NCAA tournament: Love affair with state drives West Virginia


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BUFFALO, N.Y. -- From West Virginia's panhandle to the far southern reaches, from down in Pineville clear over to Harpers Ferry, there are 15 young men who have become the undeniable identity of an entire state.

"We are West Virginia's team," Mountaineers basketball coach Bob Huggins said. "We are West Virginia's franchise."

Senior forward Da'Sean Butler, who has hit six winning shots for West Virginia this season, understands what these Mountaineers mean to the fan base.

"Everybody is overjoyed because we are it for them."

The Mountaineers surely are, and at 27-6 West Virginia has the highest seed (No. 2 in the East) in its NCAA tournament history and will play 15th-seeded Morgan State (27-9) at 12:15 p.m. today.


Today

Game: No. 2 seed West Virginia (27-6) vs. No. 15 seed Morgan State (27-9), 12:15 p.m. today, at HSBC Arena, Buffalo, N.Y. in NCAA East Region first round.

TV: KDKA.

West Virginia: Has won 46 of its past 51 games against unranked teams and 14 of the past 18 televised by CBS. ... Coach Bob Huggins is making his 18th Division I NCAA tournament appearance; four active coaches have more. ... Coming off its first Big East tournament championship and paced by senior forward Da'Sean Butler (17.4 points per game).

Morgan State: Earned an automatic bid by winning the Mid-Eastern Athletic Conference championship. ... On a seven-game win streak and has won 19 of its past 21 games. ... Led by former California coach Todd Bozeman, who is making his fifth tournament appearance -- the previous four with the Golden Bears. Hidden stat: Huggins will be coaching in the arena where he earned his 600th career victory Dec. 22, 2007, when the Mountaineers beat Canisius.

Hidden stat: Huggins will be coaching in the arena where he earned his 600th career victory Dec. 22, 2007, when the Mountaineers beat Canisius.


While many think of Huggins' brusque and gruff on-court demeanor in which no official seems safe, all this success has triggered the emergence of a much different side of him.

There have been times when Huggins has choked up while talking about West Virginia's fans, times when tears have welled as he has told of how this on-court success is done, in some part at least, in appreciation for those in the stands or watching on television.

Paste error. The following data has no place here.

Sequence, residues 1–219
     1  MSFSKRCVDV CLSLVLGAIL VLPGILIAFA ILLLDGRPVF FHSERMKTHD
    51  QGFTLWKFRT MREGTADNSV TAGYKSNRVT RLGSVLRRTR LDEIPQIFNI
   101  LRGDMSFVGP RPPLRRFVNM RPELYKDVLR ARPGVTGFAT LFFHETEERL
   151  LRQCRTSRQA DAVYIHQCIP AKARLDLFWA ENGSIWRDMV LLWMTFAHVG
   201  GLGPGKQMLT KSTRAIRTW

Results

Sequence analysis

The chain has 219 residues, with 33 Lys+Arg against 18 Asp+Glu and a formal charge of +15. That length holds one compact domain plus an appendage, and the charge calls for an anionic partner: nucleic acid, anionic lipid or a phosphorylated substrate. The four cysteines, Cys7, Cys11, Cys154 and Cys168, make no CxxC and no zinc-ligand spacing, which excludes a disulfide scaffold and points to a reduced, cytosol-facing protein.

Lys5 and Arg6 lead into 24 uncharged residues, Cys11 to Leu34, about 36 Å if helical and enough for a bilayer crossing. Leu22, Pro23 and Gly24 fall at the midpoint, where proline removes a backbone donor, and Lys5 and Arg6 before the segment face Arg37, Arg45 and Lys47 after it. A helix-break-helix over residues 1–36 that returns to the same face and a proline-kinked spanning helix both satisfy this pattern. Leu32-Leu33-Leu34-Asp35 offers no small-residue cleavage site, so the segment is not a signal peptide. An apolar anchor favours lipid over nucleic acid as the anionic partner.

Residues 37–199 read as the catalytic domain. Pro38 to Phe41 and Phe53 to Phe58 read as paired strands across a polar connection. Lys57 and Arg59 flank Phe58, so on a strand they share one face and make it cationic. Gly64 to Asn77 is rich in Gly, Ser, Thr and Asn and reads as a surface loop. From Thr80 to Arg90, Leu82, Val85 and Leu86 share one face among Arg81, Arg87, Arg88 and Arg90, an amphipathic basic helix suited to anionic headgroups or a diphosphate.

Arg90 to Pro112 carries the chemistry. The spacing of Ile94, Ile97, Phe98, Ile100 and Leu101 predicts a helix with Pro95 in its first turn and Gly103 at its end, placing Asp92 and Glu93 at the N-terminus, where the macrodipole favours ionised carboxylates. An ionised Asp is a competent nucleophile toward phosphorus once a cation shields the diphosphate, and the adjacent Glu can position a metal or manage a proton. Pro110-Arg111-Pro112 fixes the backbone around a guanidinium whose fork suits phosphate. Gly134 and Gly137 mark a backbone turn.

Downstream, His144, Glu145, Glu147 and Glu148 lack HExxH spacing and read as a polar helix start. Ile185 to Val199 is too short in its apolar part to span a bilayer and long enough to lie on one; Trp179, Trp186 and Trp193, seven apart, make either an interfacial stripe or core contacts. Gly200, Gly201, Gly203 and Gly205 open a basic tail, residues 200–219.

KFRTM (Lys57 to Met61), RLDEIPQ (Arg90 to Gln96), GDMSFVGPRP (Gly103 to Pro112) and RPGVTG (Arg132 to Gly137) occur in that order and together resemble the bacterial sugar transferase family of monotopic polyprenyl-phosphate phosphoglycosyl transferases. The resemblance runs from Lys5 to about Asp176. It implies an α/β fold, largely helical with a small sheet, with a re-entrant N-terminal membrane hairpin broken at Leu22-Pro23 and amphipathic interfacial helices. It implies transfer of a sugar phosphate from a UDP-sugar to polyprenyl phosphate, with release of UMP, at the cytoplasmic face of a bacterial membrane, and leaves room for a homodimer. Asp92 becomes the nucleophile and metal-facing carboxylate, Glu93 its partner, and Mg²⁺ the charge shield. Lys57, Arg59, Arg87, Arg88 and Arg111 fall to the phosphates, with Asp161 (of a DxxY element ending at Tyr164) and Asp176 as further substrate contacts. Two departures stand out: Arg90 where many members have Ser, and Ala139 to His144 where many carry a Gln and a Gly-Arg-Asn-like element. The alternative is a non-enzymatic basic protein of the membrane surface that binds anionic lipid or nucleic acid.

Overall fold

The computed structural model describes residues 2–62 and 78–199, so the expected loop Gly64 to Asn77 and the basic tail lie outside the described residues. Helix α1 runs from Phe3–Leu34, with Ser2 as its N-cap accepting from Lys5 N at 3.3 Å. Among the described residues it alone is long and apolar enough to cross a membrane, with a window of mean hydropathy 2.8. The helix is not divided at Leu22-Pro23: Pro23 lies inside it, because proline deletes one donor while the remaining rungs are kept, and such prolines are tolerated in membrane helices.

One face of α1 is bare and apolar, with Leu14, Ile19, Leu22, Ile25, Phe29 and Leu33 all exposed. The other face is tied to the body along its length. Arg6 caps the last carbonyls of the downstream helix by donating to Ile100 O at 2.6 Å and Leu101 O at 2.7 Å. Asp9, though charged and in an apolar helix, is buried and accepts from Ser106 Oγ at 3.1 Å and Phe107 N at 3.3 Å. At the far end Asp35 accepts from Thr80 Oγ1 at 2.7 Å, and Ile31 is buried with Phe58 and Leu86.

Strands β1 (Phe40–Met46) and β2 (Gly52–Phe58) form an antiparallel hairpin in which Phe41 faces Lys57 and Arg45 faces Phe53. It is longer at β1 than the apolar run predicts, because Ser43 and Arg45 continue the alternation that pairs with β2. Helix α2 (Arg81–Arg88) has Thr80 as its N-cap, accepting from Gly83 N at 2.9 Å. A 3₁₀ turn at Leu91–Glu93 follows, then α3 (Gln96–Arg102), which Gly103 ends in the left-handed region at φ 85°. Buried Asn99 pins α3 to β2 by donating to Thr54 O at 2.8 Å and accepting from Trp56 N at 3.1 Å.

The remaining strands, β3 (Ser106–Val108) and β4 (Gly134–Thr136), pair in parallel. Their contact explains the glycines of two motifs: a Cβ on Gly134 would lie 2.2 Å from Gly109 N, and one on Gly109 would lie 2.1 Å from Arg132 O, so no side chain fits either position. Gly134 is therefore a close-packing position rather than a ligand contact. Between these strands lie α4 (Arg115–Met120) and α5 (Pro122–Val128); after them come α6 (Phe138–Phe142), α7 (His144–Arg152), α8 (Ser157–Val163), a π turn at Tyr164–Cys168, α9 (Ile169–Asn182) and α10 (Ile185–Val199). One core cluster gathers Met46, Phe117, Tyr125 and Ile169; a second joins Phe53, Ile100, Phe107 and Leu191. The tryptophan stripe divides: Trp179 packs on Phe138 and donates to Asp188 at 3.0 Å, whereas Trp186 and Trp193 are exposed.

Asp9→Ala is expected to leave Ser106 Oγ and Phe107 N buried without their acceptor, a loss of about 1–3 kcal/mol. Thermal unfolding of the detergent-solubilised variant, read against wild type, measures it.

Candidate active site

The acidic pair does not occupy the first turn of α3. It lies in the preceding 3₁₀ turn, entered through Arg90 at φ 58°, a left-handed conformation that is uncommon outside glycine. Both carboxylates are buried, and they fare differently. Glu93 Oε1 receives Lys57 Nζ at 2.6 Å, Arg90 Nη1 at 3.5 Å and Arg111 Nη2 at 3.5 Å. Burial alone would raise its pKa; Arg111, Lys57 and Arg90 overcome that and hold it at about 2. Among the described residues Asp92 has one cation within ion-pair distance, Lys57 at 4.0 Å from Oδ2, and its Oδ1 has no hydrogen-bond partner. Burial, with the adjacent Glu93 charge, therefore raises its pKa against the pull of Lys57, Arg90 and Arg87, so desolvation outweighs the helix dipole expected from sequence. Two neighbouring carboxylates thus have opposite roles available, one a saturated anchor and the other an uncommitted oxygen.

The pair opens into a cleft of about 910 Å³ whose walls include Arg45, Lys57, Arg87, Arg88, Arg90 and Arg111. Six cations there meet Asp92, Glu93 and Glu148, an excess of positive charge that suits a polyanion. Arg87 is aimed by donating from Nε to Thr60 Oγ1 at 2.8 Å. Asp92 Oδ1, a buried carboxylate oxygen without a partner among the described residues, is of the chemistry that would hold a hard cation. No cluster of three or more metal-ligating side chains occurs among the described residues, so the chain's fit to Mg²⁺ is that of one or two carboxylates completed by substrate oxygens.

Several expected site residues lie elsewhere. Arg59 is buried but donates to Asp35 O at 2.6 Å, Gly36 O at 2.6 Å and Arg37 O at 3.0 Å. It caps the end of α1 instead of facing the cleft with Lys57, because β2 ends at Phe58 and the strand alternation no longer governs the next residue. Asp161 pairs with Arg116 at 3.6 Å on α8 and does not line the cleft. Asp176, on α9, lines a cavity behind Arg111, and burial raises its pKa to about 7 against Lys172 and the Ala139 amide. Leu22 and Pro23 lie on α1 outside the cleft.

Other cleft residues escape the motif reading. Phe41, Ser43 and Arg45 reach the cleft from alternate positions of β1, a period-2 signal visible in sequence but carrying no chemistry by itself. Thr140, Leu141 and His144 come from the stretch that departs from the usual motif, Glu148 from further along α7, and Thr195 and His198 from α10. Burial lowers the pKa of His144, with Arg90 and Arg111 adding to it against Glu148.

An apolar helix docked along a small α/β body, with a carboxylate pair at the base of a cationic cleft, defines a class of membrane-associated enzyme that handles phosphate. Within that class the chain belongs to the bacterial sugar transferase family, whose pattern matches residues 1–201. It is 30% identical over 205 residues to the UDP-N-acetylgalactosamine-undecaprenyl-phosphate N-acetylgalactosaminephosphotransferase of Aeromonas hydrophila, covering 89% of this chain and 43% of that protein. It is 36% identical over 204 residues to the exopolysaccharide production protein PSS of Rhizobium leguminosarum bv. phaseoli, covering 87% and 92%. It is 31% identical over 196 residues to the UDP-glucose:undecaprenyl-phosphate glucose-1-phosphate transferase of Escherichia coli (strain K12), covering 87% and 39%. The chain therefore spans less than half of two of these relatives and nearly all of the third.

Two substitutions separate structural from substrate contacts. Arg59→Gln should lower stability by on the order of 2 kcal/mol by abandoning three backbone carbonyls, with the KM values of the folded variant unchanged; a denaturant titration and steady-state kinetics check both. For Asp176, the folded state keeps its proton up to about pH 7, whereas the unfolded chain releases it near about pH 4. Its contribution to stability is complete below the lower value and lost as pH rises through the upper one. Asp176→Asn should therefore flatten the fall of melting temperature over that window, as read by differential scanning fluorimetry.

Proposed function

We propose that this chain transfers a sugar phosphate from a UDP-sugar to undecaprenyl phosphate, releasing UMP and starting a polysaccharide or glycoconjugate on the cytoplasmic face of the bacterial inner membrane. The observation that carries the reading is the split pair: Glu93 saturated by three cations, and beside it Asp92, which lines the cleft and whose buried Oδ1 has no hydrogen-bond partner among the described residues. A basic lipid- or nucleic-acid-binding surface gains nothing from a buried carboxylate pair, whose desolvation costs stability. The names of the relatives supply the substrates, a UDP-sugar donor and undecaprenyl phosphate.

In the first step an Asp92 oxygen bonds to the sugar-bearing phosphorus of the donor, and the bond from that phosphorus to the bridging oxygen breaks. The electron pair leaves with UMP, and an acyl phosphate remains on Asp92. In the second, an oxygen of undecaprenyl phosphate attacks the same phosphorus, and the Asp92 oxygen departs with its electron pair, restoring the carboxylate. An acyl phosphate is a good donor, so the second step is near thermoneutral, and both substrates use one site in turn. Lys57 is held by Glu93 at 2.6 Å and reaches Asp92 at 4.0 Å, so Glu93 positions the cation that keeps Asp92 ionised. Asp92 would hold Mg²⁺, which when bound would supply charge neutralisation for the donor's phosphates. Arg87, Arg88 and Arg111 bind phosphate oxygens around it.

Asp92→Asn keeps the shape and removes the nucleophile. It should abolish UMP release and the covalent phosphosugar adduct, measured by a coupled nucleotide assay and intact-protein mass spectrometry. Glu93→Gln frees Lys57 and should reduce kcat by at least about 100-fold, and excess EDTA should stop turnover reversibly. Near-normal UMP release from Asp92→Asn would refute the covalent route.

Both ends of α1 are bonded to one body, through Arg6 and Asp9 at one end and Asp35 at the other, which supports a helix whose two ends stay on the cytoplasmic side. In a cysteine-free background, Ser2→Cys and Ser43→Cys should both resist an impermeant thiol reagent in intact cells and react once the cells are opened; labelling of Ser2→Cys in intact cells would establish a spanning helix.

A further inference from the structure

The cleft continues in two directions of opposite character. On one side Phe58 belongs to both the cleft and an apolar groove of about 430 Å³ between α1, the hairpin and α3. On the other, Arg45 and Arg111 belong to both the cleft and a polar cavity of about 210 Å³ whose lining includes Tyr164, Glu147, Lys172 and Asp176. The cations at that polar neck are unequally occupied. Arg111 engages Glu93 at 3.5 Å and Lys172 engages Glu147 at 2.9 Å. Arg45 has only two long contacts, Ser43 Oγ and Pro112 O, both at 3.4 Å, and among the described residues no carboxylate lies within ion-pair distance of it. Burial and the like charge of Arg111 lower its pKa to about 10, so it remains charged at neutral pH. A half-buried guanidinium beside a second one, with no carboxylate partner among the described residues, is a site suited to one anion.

He did so on ESPN after the Mountaineers won the Big East tournament Saturday. Since then, many people closely connected to the West Virginia program have explained how it was one of his most emotional moments since becoming the coach in April 2007.

He also did that on his postgame radio show after West Virginia's loss at Connecticut Feb. 22, the last time his team stumbled before going on its current six-game win streak. Huggins talked about how he never had the same type of fan support when he was coaching at Cincinnati as he does at West Virginia.

And then there was Thursday afternoon, as Huggins sat high on the dais facing the hot lights and fielding questions in the requisite media session. There, he did it again.

"I was born in Morgantown and lived there until I was 9 years old," Huggins said, deviating from the monotony of questions about X's and O's. "So I know what it means, and having played [at West Virginia], I know what it means.

"That's what I think the people on the outside don't understand. They don't understand the fabric and the core of the people in West Virginia, which I do. And that's why I appreciate being there so much."

It is that mutual appreciation that has forced scores of Mountaineers fans to travel here.

And that ardent support played a role in Butler, from Newark, N.J., choosing to play for the Mountaineers. He is not the only one. Of the 15 players on West Virginia's roster, only walk-on Cam Payne is a native son.

"[The fans] are one of the reasons I came to West Virginia; there's no NBA teams or any pro teams at all," Butler said. "There's nothing really there except the college, the school. And everybody loves our school to death."

Make no mistake; it is a love that bounces both ways.

"They are there every game, whether we win or lose," Butler said. "And they stay after the games and they tell us they look forward to the next game.

"They do everything real fans are supposed to do."


Colin Dunlap: cdunlap@post-gazette.com or 412-263-1459.


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